Sarah McGrory –
Love it or hate it, food boasting on social media is an epidemic.
Sign into your Instagram or Facebook account and see for yourself – a deluge of food photos, many of questionable quality, proudly posted by your friends for your alleged viewing pleasure.
There’s bound to be a photo of the grim green breakfast smoothie someone mortgaged their house for at a hipster location this morning or the quinoa and raw vegetable salad they diligently prepared for today’s lunch to prove that they really are healthy. There will be endless coffee photos too – overhead shots of coffee art or takeaway coffee cups at the beach. Other food boasters will post murky close-ups of dinner in a dimly lit ‘hatted’ restaurant where you can’t discern if they’re eating mains or dessert.
I have a confession to make: As a food blogger, I am 100 per cent guilty of food boasting. However, I do have one simple rule: I only ever post good-looking food photos – there’s less chance of annoying those friends who don’t give a hoot about what I am eating.
Here are my Three Tips for Better Food Photos on Instagram.
If you’re going out to dinner think twice before you post a photo of your meal taken with your smartphone. Restaurant lighting at night is usually inadequate and using the flash creates reflections on cutlery, tableware and glassware. Plus, the white balance is always out. Stick to daytime photography outdoors or indoors near a window. If you’re outside, don’t put your food right out in the sun but find some softer, diffused light under a tree or umbrella. If the restaurant menu is printed on light paper or card you can even use this to reflect or ‘bounce’ the light around your dish to remove dark shadows.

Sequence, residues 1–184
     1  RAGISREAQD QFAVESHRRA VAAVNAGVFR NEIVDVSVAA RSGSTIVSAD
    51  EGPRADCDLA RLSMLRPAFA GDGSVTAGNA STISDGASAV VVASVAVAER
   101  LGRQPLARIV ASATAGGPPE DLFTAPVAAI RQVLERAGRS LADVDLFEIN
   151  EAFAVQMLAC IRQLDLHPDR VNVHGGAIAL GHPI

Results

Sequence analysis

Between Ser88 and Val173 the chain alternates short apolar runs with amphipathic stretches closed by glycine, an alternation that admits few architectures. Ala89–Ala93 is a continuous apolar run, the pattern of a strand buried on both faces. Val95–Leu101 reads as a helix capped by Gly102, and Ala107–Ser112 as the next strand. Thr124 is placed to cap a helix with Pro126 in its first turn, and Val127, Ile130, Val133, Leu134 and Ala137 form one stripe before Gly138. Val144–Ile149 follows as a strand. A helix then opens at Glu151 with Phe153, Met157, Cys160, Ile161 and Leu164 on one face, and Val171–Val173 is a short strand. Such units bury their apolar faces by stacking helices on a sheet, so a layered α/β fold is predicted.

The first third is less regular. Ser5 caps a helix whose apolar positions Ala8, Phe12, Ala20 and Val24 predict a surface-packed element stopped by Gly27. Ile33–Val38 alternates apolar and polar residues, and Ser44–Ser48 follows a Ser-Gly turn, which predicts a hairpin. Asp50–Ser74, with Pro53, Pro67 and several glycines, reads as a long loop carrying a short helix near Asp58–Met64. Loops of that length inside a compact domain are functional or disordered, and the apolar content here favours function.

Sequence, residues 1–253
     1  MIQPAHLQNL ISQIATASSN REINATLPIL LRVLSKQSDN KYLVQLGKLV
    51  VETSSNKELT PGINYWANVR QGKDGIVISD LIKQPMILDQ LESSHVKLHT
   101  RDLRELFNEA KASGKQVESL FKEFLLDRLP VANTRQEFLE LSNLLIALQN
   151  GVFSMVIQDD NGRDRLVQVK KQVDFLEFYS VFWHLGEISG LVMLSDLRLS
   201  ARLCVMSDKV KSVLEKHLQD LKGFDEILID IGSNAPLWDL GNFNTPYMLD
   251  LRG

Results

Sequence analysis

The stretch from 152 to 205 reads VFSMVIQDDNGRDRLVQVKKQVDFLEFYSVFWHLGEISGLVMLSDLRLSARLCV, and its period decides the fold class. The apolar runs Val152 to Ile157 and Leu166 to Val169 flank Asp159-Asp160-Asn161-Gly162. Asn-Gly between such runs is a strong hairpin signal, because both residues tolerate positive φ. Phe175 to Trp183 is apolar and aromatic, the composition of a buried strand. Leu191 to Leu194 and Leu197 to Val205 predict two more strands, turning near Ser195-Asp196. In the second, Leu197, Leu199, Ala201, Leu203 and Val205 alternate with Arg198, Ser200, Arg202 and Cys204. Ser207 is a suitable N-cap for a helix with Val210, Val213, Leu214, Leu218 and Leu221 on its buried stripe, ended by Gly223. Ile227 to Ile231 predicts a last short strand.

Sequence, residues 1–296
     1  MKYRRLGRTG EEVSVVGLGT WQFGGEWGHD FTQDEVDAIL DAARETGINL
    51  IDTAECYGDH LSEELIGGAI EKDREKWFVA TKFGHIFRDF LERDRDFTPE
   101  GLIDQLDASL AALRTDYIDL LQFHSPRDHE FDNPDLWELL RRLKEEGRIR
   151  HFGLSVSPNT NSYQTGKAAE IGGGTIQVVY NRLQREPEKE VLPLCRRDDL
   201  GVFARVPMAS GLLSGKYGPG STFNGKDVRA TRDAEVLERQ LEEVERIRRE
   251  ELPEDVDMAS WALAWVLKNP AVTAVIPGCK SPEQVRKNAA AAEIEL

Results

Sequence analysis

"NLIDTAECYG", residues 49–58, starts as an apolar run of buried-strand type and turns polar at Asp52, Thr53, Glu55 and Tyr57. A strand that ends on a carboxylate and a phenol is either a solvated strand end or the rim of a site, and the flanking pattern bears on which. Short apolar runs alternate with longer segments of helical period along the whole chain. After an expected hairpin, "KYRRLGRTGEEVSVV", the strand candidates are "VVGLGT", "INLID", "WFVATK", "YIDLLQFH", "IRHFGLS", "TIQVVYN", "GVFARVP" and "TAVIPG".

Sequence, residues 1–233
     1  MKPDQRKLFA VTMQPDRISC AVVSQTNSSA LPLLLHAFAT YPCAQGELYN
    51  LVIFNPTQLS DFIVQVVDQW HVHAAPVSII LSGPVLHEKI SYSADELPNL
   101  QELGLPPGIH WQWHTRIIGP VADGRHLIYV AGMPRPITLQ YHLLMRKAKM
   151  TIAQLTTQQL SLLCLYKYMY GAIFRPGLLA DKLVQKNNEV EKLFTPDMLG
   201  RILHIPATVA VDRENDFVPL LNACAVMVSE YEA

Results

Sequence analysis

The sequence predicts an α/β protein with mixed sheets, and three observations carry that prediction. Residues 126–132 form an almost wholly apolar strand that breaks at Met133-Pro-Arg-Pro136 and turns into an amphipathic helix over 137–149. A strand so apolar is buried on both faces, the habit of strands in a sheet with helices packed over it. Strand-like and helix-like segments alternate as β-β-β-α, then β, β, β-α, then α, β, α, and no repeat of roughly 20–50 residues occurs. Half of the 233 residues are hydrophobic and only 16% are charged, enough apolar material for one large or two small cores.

Up until last year Instagram photos were square only. This meant your food looked better centred in the photo. Now you can post regular photo sized images to Instagram, which gives you even more room for creativity. Whichever aspect you choose, keep the rule of thirds in mind. Imagine your frame is divided into a nine-part grid. The rule of thirds says that your main subject should be placed either along those lines or at their intersections. Also, while top-down stylised photos are on trend, the texture and shape of food is often lost on teeny Instagram photos. Images from the perspective of the eater work best, of if you are taking a photo of a tall dish such as a layered cake, take it from eye level for more impact.
I beg you – please go easy on the Instagram filters! There’s nothing worse than a garden salad that looks like it has been irradiated. I rarely use Instagram’s filters but I am a fan of the tools – in particular I like to use the Sharpen tool if I feel my shaky hands have put the photo a little out of focus and the Vignette tool (used sparingly) to gently to make the food ‘pop’. I also dabble with Highlights, Shadows or Warmth while keeping it natural.
Follow Sarah on Instagram @getforkedandfly